TALES OF AN ORANGEPEELER
an archive of pleasures, wounds, sublimations
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"The writer who loses his self-doubt, who gives way as he grows old to a sudden euphoria, to prolixity, should stop writing immediately: the time has come for him to lay aside his pen."- COLETTE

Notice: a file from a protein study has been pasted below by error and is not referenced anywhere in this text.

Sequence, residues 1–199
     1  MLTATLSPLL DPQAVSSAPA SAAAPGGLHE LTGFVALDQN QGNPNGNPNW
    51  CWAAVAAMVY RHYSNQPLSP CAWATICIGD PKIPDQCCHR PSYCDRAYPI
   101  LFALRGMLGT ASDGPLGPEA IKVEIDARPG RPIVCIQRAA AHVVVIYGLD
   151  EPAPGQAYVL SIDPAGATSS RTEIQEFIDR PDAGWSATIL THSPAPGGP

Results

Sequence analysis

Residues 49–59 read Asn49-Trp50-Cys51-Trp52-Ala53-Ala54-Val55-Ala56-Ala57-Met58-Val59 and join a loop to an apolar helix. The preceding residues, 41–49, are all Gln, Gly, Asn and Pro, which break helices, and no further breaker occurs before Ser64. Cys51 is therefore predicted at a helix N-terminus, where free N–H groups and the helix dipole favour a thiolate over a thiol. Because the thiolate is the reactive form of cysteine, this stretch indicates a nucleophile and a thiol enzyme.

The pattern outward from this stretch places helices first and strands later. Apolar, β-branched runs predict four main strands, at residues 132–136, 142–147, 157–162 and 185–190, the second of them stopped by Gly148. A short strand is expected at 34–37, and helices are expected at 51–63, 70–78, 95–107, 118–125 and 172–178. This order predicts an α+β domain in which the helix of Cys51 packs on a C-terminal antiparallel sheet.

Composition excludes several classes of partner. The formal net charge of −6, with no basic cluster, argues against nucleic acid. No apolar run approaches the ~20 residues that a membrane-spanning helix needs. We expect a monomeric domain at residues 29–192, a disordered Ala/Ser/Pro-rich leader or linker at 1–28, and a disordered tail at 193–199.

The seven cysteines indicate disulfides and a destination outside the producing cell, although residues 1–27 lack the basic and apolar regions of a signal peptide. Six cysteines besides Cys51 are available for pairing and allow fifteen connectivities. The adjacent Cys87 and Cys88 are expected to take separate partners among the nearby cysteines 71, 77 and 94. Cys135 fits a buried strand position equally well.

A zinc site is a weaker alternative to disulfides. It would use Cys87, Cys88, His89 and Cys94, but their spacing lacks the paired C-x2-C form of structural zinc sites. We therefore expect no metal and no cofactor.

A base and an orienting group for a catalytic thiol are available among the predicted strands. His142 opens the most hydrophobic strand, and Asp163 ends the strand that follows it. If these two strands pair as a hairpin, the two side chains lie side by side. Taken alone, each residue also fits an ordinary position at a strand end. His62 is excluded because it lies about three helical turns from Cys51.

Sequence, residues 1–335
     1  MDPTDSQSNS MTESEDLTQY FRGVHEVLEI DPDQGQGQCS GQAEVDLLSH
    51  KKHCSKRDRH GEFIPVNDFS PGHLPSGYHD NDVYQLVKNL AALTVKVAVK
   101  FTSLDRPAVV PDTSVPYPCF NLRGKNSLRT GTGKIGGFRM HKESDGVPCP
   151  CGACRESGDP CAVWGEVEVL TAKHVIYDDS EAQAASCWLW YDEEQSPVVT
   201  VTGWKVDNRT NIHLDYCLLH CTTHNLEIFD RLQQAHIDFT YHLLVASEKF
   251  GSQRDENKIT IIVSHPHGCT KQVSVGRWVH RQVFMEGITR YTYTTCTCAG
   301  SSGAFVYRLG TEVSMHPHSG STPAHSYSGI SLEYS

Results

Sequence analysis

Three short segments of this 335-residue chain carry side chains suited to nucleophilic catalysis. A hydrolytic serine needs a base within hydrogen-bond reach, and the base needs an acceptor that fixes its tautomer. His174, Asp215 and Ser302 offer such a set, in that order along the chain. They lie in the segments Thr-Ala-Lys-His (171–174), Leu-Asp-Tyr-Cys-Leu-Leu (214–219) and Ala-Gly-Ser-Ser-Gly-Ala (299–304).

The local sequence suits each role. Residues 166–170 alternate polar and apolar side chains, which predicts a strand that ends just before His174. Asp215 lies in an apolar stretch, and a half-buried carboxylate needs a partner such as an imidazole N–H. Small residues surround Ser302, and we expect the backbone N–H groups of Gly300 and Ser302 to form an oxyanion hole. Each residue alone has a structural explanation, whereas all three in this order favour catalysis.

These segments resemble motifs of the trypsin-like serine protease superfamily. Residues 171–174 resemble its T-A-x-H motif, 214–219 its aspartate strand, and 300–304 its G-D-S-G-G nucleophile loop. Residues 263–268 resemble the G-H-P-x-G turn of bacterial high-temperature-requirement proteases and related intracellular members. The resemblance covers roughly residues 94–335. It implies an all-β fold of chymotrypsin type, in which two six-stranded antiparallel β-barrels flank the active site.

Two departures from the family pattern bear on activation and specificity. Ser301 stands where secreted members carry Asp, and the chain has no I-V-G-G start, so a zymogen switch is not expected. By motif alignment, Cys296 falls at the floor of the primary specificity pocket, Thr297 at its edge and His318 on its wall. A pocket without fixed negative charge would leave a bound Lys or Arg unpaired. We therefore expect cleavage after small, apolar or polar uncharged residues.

The other day, I finished a paper on the uncanny afterlife of the utopian image, working through a cold I must have caught on the London Underground, drinking loads of hibiscus or peppermint tea and chicken soup. A crisis struck at one point, after reading the comments on my last paper. TT loves the fluency with which I can write on a given subject, but SR is right to ask me to slow down, to work though a few ideas rather than skimming over many. Looking over the last effort (knocked out in a week), I can see the guesswork and assumptions that riddle it and the haphazard assembly of my conceptual framework. Piece, rather than study. So, this time around, I checked myself two days before deadline. I decided on the hypothesis that I had only previously pointed to in earlier papers and I used every paragraph to explore only the components of that supposition, discarding all the shiny pretty bits that had previously sent me off on tangents. I worked directly with the material that I had previously been talking around. I don't know if the paper is any better this time, but I suppose I need doubt to keep me on my toes.